Sheerness RNLI Lifeboat called out in atrocious conditions
The Sheerness all weather lifeboat was called out to assist two vessels in trouble off the Essex coast during severe thunderstorms and torrential rain.
The volunteer crew of the Sheerness all weather lifeboat ‘George and Ivy Swanson’ were called at 11.27pm on Wednesday 22 June to assist a broken down cruiser.
The 9m cruiser ‘El Quio’ had two people on board when it had broken down with fuel problems whilst towing another 9m cruiser ‘Retreat’, which had no one on board.
The two vessels were travelling from the Blackwater Estuary in Essex to Canvey Island when their problems began.
Whilst making the emergency call the battery on the mobile phone being used went flat and there was no other means of communication on board either vessel as their VHF system was not working either.
During the call to the coastguard it was established that the crew of the casualty vessels did not know where they were other than they could see a buoy with a flashing sequence of 3 flashes every ten seconds
Sheerness RNLI lifeboat crew proceeded to the area of the South Shoebury Buoy and could find nothing visual or on radar.
The decision was taken to widen the search and proceed further to the north east towards the Blacktail Spit off the Maplin Sands where the casualty vessels were spotted at 0037 am.
The ALB came alongside the craft at 12.45am and a crew member was placed on board the ‘El Quio’. A line was attached and both vessels were under tow at 1.04am and taken to the all tide landing at Queenborough Harbour where they arrived at 3.35am
The Margate lifeboat had been called to assist but was stood down when it was established the the two casualty craft had been found and were safely under tow.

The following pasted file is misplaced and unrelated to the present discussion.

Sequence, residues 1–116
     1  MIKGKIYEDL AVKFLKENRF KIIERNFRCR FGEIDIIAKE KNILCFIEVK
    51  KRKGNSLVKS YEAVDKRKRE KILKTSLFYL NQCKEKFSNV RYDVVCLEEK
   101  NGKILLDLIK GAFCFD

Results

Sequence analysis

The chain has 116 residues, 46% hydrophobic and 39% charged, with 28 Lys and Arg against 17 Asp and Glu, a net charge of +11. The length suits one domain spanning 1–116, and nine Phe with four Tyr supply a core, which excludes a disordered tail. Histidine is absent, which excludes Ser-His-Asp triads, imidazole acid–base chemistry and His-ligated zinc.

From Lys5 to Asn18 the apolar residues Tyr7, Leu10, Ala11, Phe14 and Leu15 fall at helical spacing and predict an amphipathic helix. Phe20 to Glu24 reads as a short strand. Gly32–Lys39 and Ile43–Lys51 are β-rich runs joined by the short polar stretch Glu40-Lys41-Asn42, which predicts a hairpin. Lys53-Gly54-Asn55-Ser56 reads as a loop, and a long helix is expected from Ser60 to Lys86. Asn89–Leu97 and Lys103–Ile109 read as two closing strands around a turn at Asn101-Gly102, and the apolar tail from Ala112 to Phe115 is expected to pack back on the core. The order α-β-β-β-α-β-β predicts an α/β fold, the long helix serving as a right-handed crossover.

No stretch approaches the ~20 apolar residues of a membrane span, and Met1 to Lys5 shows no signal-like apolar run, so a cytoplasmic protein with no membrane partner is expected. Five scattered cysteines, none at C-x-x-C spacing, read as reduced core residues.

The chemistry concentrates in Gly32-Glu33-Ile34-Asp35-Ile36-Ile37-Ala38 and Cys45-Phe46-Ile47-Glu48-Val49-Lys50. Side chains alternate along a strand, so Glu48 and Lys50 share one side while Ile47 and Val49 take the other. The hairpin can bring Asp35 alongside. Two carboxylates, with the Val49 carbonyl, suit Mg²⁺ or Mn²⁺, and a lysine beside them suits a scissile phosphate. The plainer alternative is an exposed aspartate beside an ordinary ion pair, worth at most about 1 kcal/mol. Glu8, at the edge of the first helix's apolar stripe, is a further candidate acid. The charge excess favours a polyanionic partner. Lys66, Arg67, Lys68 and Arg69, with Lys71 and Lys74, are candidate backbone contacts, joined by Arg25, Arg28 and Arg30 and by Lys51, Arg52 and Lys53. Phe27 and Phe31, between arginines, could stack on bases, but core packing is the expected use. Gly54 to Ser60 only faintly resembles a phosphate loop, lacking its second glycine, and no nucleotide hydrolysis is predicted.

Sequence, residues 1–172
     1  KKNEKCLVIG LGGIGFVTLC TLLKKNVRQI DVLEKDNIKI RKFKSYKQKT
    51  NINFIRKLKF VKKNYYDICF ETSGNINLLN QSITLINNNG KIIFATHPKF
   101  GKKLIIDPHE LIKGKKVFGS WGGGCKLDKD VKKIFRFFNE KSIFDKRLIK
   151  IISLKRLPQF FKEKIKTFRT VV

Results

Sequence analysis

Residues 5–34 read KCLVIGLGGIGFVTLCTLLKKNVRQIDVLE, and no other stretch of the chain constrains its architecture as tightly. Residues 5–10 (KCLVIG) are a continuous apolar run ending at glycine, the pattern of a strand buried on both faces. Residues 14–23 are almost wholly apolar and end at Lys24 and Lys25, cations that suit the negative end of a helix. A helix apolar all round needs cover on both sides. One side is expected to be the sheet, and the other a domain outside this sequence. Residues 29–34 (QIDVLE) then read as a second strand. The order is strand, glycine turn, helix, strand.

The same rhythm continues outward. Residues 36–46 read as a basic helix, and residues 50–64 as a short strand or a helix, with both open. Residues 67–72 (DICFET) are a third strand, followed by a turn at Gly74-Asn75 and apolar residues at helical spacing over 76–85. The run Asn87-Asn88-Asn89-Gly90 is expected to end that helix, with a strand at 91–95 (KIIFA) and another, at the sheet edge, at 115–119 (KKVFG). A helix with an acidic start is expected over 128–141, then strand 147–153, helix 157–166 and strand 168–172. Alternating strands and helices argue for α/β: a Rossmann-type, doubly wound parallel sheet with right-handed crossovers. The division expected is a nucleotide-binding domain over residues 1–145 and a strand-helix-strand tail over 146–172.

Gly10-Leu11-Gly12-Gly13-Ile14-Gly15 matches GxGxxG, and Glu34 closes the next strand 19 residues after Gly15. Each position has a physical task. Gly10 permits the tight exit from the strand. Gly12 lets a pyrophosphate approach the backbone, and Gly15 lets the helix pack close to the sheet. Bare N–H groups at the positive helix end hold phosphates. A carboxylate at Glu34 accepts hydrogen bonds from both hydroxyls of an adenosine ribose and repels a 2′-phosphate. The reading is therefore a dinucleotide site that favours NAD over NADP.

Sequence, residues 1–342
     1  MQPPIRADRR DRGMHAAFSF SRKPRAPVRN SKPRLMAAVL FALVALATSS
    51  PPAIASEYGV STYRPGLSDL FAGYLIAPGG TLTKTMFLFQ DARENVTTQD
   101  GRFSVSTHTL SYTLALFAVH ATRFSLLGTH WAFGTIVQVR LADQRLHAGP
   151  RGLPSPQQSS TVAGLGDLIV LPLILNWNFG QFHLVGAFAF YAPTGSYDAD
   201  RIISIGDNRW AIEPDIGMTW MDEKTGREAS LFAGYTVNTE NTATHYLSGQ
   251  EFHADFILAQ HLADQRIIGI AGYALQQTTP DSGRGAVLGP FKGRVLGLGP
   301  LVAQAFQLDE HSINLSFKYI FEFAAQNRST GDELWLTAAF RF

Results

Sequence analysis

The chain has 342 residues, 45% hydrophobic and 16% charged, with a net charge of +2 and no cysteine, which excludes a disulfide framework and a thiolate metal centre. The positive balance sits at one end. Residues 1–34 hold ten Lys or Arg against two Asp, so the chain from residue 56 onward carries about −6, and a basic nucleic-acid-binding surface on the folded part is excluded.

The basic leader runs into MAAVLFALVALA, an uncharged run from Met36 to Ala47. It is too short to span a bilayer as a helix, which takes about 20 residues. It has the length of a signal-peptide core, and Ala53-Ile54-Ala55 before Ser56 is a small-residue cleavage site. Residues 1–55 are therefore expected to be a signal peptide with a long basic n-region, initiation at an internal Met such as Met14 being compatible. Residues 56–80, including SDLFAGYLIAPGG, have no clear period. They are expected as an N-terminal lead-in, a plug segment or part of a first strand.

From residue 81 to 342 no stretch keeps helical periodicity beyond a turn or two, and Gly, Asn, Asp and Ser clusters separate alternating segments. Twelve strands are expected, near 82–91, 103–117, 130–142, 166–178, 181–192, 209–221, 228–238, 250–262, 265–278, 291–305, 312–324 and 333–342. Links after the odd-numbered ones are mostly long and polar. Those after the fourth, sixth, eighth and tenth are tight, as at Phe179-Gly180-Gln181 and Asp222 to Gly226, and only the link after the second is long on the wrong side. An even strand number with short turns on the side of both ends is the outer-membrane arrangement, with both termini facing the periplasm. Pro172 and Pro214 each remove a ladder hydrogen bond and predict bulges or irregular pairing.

Sheerness lifeboat coxswain, Robin Castle, said: 'Under normal conditions this would have been a straightforward job but the absolutely atrocious conditions out in the estuary for the whole time we were out made it interesting to say the least, with torrential rain and lightening making visibility very poor.
'The lads did a great job of finding the two craft with the very limited information we had. I would like to take this opportunity to give some advice to everyone who uses the water. Before venturing out make sure that all safety equipment is in place and that all communication methods are in full working order. In addition, ensure such things as emergency flares and charts of the area to be travelled are carried and to hand, necause things can very quickly get out of hand and a normal situation can rapidly become dangerous.’
The inshore lifeboat was also called later the same day at 1.14pm to assist a 15ft dayboat with two people onboard that had broken down whilst towing what is described as a 28ft Venetian fishing boat, near to the Coal Washer Wharf in Queenborough Harbour. Both vessels were safely towed back to the all tide landing in the harbour and the ILB was back on station at 2.30pm
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The Royal National Lifeboat Institution is the charity that saves lives at sea. Our volunteers provide a 24-hour search and rescue service in the United Kingdom and Ireland from 238 lifeboat stations, including four along the River Thames and inland lifeboat stations at Loch Ness, Lough Derg, Enniskillen, Carrybridge and Lough Ree. Additionally the RNLI has more than 1,000 lifeguards on over 240 beaches around the UK and operates a specialist flood rescue team, which can respond anywhere across the UK and Ireland when inland flooding puts lives at risk.
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